Facebook is also trying to be more transparent with users about how and why it makes decisions. As part of the effort, the company is adding a new section to its Community Standards website where users can see the updates Facebook makes to its policies every month.

Another update lets users remove comments and other content they posted to a Facebook Group after they leave it.

Meanwhile, Facebook-owned Instagram is trying to squash the spread of inappropriate posts that don't violate its policies. For example, a sexually suggestive photo would still pop up in a feed if a user follows that account, but it may no longer be recommended for the Explore Page or in pages for hashtags.

Facebook also announced a few updates to its chat service Messenger, including a Facebook verified badge that would show up in chats to help fight scammers who impersonate public figures.

Another tool called the Forward Indicator will pop up in Messenger when a message is forwarded by the sender. WhatsApp, another Facebook-owned app, has a similar function, which is part of an effort to stop the spread of misinformation. WhatsApp has had major issues with viral hoax messages spreading on the platform, which have resulted in more than a dozen lynchings in India.

Forrester's Murphy believes the company should do more to address major issues such as violence being livestreamed and going viral on the platform. Last month, a suspected terrorist was able to stream live video to Facebook of a mass murder in New Zealand. The company said its AI systems failed to catch the video, and it took down 1.5 million videos of the attack in the first 24 hours.

"They have bigger problems. I'm sure [these updates] will help sometimes, but there are bigger problems at foot," she said. "Facebook has a lot more to do."

Mississippi Coronavirus Cases

Data is updated nightly.

Confirmed Cases: 31257

Reported Deaths: 1114
CountyConfirmedDeaths
Hinds253640
DeSoto162016
Madison131434
Jones112849
Neshoba99271
Rankin95112
Harrison93311
Lauderdale91079
Forrest87842
Scott77315
Jackson63816
Copiah60715
Washington5919
Leake57819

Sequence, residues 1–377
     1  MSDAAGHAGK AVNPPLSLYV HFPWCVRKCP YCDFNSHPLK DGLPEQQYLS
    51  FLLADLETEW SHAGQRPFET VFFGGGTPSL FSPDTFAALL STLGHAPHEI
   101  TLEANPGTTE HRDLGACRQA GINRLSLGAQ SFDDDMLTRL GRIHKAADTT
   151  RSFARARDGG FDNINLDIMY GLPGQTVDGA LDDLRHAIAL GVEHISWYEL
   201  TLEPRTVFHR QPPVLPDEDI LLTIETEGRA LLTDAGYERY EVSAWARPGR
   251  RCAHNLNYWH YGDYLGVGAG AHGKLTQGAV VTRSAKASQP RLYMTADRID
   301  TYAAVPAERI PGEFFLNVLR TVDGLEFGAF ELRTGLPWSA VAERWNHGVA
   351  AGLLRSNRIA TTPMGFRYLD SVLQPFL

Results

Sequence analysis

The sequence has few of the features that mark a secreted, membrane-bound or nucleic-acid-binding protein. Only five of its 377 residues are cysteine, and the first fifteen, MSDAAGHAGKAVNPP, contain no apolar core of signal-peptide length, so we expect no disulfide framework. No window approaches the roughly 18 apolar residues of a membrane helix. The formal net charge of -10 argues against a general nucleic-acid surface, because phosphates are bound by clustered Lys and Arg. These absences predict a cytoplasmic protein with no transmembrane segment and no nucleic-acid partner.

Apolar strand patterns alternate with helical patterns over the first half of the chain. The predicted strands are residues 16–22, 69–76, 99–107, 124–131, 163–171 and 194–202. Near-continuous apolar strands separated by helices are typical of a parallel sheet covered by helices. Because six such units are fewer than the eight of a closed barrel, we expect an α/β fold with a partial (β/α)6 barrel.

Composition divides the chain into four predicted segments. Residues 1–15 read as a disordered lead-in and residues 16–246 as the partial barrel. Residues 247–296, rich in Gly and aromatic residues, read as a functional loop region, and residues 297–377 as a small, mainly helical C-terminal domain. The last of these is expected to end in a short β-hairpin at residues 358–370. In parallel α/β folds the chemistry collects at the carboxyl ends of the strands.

Holmes55741
Lee55219
Wayne54513
Oktibbeha54126
Warren51618
Yazoo5136
Lowndes49413
Leflore49151
Grenada4905
Lincoln46634
Lamar4657
Pike44112
Monroe40330
Sunflower4008
Lafayette3934
Attala36123
Covington3595
Panola3526
Bolivar34014
Newton3399
Simpson3233
Adams31318
Pontotoc2926
Tate28810
Marion28411
Chickasaw27918
Claiborne27910
Noxubee2678
Winston2666
Jasper2636
Pearl River25732
Clay25111
Marshall2343
Smith21811
Union2109
Clarke20724
Walthall2045
Coahoma2016
Kemper17914
Lawrence1782
Yalobusha1737
Carroll16611
Humphreys1509
Tallahatchie1374
Itawamba1368
Montgomery1352
Calhoun1324
Tippah13111
Hancock13013
Webster12710
Jefferson Davis1124
Jefferson1083
Prentiss1083
Greene1058
Tunica1053
Wilkinson949
Amite912
George893
Tishomingo831
Quitman780
Choctaw744
Alcorn712
Perry674
Stone651
Franklin452
Benton380
Sharkey380
Issaquena91
Unassigned00

Alabama Coronavirus Cases

Confirmed Cases: 45263

Reported Deaths: 1007
CountyConfirmedDeaths
Jefferson5410152
Montgomery4158103
Mobile4129134
Tuscaloosa232142
Marshall172410
Madison14917
Lee141137
Shelby133423
Morgan11215
Walker97824
Elmore94314
Franklin89814
Baldwin8949
Dallas8919
Etowah75013
DeKalb7375
Chambers64227
Butler63428
Autauga61012
Tallapoosa60569
Russell5650
Houston5074
Unassigned50323
Limestone5010
Lauderdale4966
Lowndes47221
Cullman4594
Pike4375
Colbert4086
St. Clair4022
Escambia3966
Coffee3812
Calhoun3765
Covington3707
Bullock36910
Barbour3532
Talladega3177
Hale31421
Marengo31211
Dale2990
Wilcox2948
Sumter28512
Jackson2842
Clarke2776
Winston2633
Chilton2522
Blount2431
Monroe2392
Pickens2366
Marion23313
Conecuh2107
Randolph2099
Macon1999
Choctaw19512
Bibb1941
Greene1868
Perry1791
Henry1363
Crenshaw1253
Washington1117
Lawrence1100
Cherokee1027
Geneva830
Lamar781
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Clay692
Coosa591
Cleburne381